Printed in Scientific American, This Week in World War I: June 5, 1915

Early in World War I violence came to the serene island of Tahiti in the Pacific when two German armored warships attacked Papeete, the capital of what is now called French Polynesia. On September 22, 1914, over the course of four hours, the cruisers fired several dozen 210-mm (8.3-inch) shells at the town and harbor, killing three people, sinking a small gunboat and destroying a few buildings. The French had minimal defenses, and could offer little resistance, but at the start of the attack they had set fire to several thousand tons of coal, thus depriving the Germans of fuel that they had hoped to capture for their warships. The German ships were sunk two months later during the Battle of the Falkland Islands.

One result of the bombardment of the town appeared in this advertisement by the Chalmers Motor Car Company, Detroit, which apparently had one of its cars damaged by a German shell (probably one of the big 210-millimeter ones) during the bombardment of Papeete. The car held up well enough that it became a candidate for an advertising campaign by the company. The text on the ad reads:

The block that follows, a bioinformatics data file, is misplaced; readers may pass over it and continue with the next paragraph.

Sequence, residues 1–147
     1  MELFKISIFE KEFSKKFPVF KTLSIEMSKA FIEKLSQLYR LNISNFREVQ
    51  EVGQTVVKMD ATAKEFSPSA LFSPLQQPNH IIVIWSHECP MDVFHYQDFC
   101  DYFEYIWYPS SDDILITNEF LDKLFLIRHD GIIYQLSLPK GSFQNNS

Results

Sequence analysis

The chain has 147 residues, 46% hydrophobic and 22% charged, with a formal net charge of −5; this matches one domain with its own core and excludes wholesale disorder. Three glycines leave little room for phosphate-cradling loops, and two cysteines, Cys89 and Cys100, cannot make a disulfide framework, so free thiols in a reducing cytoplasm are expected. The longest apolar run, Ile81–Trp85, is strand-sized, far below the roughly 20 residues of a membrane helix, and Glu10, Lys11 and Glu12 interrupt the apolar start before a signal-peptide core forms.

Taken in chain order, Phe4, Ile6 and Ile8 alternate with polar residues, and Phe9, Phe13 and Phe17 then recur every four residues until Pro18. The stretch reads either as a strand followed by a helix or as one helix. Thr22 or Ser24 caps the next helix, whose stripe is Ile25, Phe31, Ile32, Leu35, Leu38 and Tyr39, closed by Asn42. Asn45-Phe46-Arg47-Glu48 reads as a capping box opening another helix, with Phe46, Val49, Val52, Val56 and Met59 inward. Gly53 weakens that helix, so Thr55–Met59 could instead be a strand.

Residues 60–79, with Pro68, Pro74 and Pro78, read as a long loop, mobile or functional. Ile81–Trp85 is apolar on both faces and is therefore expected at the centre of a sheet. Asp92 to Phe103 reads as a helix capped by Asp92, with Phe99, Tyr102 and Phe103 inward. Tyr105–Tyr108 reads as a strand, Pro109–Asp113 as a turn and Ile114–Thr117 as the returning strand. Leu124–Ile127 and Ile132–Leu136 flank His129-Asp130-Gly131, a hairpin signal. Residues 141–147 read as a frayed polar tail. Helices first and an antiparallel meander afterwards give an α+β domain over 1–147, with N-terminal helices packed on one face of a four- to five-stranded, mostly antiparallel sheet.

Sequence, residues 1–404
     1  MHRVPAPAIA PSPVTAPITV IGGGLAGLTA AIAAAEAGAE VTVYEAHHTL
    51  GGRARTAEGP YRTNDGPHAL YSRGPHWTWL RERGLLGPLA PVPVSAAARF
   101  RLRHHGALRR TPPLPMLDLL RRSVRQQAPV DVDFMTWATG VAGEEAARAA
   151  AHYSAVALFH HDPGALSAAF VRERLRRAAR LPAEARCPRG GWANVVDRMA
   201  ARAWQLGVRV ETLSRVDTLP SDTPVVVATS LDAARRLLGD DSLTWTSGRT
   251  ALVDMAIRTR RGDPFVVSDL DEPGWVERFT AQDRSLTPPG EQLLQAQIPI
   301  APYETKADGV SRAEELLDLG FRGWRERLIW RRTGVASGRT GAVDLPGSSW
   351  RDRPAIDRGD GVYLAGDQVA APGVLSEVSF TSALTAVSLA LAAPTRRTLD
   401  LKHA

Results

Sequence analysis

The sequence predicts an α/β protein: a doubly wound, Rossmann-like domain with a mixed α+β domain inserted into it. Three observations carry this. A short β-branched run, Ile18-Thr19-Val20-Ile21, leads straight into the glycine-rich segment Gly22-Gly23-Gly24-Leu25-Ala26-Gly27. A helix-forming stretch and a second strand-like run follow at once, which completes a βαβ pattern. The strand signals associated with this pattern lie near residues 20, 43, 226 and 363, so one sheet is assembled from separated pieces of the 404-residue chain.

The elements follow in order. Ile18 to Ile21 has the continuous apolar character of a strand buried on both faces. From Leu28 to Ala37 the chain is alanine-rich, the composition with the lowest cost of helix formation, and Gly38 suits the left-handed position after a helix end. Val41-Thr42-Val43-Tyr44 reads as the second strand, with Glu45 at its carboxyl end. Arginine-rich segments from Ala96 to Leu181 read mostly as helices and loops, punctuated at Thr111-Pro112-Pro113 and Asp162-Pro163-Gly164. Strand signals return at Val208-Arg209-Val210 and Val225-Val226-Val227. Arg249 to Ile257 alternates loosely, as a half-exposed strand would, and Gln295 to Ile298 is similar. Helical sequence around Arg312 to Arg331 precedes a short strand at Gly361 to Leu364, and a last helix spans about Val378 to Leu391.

A German shell struck a Chalmers Master-Six, knocked off a couple of wheels, one or two lamps and was pretty rough with the car altogether but there was enough left of this Chalmers to send back to San Francisco for repairs. This Master-Six belonged to G. Menuel, Consul-General of the French Republic and was hit during the German bombardment of the French town of Papeete, Tahiti Island. Chalmers cars are not built for targets nor to withstand the unusual demands of war, but they do stand up under rough usage and sometimes cruel abuse. Chalmers quality is responsible for this.”

An advertisement published in Scientific American on June 5, 1915, used a car damaged in battle in a sales pitch. Image: Scientific American, June 5, 1915

The Chalmers company, known for expensive high-quality cars, ceased production in 1923; the company assets are still owned by Chrysler.


Our full archive of the war, called Scientific American Chronicles: World War I, has many articles from 1914–1918 on perceptions of the war and the home front. It is available for purchase at